Join Bridge Winners
MAD BRIDGE 5: The Sixth Week

Don Draper was pleased with the progress being made by his young protege, Peggy Olson. On the one hand, she'd successfully made the tough transition from the secretarial pool to the creative staff, where she had become the most productive of the junior copywriters. On the other, he card-play technique had sharpened considerably, particularly since she'd started reading Alfred Sheinwold's “Five Weeks to Winning Bridge”.

She was certainly gaining confidence at the table, and was able to push back when Roger Sterling, who believed that women's rights ended at the entrance to the powder room, tried to push her around. Don was only afraid that she was becoming too self-assured too fast, and that she'd soon start asking for equal pay with her male colleagues, who certainly didn't work longer, or harder or more effectively that she. That might let the genie out of the bottle – or in this case the Jeannie, Suzie, Margie, Maggie and the rest. Sterling Cooper certainly wasn't ready to let all of the girls out of the pool now or anytime sooner. 

“I've gotta do something to keep her in her place, but not too firmly,” he'd confided in Roger the other day without letting on she was mumbling things no Brooklyn girl like her had the right to suggest, about female equality all the time now, particularly since she'd started dating that long-haired kid from the East Village.The opportunity came on Friday, when the usual after-lunch game was a little rushed so that he and Rog could skip out to the neighborhood saloon for a couple of quickies with the guys from the other agencies.

Joan
10984
8
Q10865
K103
Peggy
QJ73
Q109
A73
976
Roger
K2
KJ643
J42
J54
Don
A65
A752
K9
AQ82
W
N
E
S
1NT
P
2NT
P
3NT
P
P
P
D
3NT South
NS: 0 EW: 0

The bidding was short and simple – a 16-18 point no-trump from Don in South, 2NT invitation from Peg with 8 HCP, game from Don, who never ever turned down an invite, particularly if it was from a woman.

Joan Holloway, West, led the 6 which ran to Don's hand. Puffing on a Pall Mall (he had sworn off Luckies, if only because they are Roger's account), he considered ducking, then thought better since a club shift might be inconvenient. Next came a small heart, finessing dummy's T.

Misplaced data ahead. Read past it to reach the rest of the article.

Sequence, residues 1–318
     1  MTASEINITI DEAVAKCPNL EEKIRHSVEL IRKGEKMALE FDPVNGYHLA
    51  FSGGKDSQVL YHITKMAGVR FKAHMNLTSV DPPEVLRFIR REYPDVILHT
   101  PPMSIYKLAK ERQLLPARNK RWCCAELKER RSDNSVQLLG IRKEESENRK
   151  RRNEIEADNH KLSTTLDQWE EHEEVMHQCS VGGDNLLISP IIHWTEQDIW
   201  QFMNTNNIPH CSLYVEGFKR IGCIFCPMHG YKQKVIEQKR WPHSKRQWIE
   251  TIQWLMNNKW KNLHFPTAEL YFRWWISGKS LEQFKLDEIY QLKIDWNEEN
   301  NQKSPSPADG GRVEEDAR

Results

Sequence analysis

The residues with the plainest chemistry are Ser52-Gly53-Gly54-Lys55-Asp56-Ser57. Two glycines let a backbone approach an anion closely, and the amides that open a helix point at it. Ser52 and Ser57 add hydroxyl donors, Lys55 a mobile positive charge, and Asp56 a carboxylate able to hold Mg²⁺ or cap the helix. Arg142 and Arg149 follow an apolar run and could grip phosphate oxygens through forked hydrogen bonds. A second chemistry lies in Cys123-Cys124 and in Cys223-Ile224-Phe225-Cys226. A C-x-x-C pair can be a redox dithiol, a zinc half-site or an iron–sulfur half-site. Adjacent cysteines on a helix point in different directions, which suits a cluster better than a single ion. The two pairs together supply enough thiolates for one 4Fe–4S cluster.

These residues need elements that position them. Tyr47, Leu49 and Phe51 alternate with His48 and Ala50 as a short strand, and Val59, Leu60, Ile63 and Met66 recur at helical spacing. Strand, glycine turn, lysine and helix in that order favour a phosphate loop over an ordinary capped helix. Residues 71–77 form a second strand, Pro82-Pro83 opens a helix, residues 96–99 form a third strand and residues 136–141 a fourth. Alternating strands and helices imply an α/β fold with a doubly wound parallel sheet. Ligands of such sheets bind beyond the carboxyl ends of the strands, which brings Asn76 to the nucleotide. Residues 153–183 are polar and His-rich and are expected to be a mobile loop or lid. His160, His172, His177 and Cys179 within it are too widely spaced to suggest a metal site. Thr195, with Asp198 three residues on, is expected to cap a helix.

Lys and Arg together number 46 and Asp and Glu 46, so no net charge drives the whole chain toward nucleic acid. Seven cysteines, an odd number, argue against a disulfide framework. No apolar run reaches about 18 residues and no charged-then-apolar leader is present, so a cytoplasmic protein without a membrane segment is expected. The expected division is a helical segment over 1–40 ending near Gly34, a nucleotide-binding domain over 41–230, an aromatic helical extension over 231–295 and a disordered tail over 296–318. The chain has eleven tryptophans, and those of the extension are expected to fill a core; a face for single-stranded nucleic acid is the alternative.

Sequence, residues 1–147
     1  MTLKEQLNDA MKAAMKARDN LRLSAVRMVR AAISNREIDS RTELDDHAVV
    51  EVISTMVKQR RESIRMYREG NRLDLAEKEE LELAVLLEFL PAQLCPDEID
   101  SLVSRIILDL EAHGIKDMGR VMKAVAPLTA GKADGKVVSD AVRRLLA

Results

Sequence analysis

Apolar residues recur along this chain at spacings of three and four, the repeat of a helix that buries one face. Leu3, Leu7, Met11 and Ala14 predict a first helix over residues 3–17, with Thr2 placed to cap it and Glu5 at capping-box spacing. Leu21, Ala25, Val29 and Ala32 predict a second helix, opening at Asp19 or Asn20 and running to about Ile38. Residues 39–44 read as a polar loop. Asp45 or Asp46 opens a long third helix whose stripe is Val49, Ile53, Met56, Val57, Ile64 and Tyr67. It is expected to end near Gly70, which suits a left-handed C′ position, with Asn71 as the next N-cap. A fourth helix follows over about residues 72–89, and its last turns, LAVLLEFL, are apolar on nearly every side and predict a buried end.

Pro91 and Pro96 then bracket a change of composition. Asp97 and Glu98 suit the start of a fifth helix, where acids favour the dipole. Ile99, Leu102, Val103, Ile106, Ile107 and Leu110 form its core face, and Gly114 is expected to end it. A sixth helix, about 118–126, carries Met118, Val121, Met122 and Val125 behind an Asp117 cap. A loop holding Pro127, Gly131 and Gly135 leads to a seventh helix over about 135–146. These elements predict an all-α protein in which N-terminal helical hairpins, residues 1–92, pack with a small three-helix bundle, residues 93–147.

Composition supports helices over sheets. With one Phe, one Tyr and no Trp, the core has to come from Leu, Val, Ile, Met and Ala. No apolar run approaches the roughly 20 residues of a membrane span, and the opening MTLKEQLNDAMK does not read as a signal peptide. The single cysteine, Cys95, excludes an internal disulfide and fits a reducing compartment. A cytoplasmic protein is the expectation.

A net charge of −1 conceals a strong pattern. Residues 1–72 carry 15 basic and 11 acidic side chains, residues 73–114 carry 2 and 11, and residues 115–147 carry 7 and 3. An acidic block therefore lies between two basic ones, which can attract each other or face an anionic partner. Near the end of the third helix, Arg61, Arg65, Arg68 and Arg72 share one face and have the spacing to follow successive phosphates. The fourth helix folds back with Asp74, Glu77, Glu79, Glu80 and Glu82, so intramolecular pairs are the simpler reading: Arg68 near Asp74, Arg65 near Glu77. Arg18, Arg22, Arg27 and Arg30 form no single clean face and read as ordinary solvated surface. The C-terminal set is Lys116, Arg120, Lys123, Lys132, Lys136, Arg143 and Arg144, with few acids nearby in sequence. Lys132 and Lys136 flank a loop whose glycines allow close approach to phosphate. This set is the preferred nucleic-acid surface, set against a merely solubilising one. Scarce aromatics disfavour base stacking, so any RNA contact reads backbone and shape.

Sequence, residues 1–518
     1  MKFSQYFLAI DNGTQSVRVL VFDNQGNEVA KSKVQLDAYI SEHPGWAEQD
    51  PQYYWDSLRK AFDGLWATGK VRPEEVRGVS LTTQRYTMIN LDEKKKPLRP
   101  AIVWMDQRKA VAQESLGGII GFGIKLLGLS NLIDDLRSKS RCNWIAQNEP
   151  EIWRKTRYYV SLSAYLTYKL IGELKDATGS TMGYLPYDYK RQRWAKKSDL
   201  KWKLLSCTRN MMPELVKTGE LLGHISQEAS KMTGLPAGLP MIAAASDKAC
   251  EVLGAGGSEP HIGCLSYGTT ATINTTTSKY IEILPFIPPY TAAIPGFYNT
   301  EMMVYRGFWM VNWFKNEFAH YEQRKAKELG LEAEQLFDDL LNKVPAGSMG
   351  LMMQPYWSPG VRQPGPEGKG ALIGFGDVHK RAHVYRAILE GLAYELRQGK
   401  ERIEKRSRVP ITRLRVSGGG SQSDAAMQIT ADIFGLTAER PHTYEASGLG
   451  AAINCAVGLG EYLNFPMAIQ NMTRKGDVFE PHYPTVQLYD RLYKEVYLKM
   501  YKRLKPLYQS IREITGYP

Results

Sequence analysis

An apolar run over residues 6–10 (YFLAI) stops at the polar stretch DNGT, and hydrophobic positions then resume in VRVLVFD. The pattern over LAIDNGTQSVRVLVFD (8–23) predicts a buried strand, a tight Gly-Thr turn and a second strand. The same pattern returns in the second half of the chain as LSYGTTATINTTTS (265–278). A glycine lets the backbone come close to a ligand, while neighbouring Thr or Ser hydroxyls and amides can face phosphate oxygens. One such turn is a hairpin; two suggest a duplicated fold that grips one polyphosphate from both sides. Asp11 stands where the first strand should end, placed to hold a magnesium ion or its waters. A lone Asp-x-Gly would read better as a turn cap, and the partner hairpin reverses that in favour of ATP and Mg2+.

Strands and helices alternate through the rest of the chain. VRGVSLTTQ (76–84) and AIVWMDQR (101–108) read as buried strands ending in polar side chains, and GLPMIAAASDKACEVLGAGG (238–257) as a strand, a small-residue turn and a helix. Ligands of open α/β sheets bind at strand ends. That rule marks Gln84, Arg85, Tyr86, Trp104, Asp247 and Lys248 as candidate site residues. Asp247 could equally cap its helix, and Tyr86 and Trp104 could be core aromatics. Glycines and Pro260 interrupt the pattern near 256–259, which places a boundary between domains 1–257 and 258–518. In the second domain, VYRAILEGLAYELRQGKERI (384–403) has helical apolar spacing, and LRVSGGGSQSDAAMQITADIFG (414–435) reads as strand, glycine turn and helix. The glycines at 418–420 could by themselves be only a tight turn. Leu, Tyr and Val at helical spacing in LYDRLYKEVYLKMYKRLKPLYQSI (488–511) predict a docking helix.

Winning the jack, Roger Sterling continued with the 4, the highest of two. He wasn't sure exactly why he'd done that, though it might be because Olson had mentioned something she'd learned from her book about present count. Don let the second diamond, which had been overtaken by Joan, hold the trick, but won the third in dummy. Now the Q, not covered, and the T. Roger still saw no point in covering in this position:

Joan
10984
Q8
K10
Peggy
QJ73
10
976
Roger
K2
K63
J54
Don
A65
A7
AQ8
W
N
E
S
1NT
P
2NT
P
3NT
P
P
P
D
3NT South
NS: 0 EW: 0

Joan Holloway could already feel the pressure. A club discard did not seem appealing, and she was loathe to get rid of one of her diamond winners. The process of elimination dictated that she pitch a spade, though that didn't seem too appealing with four of them in dummy. With a sigh, she finally placed the 8 on the table. Next came the Q, covered by the king and ace.

Don Draper continued by cashing the A, ratcheting up the pressure on Joan. Now reduced to T98 q KT, she was at an utter loss. After considerable cogitation, she decided on a small club, in the vain hope that Roger, whose affection for anything in skirts was well known around the office, was clutching the Q among his remaining cards.

Don smiled. “I really do hate to see a lady in trouble,” he said. “But as I keep telling our copywriters and artists, you have to read the situation correctly. With that he placed A on the table, dropping Joan's king for the game-going ninth trick.

As Joan was registering the score (she was always in charge of the bookkeeping), Roger seemed puzzled. “What if I had covered the T?” he asked. “You would not have been able to take the spade finesse.”“

It wouldn't make much difference,” Draper replied. “I'd just cash the two high hearts and play A and another spade to dummy's queen-jack. You'd have the K and a heart winner to take, but Joan, poor dear, would still be squeezed from her final four cards, T9 and KT. Discard a club and I drop the now singleton K, discard a spade and dummy get's two spade tricks."

Peggy Olson seemed stunned by her partner's display of card-reading prowess. “That's amazing,” she said. “I've never seen anything like that in all my reading. It's not in 'Five Weeks to Winning Bridge'.”

Roger Sterling snickered. “Of course it isn't, sweetie. That play doesn't come till the sixth week, at the very least.”

 

3 Comments
Getting Comments... loading...
.

Bottom Home Top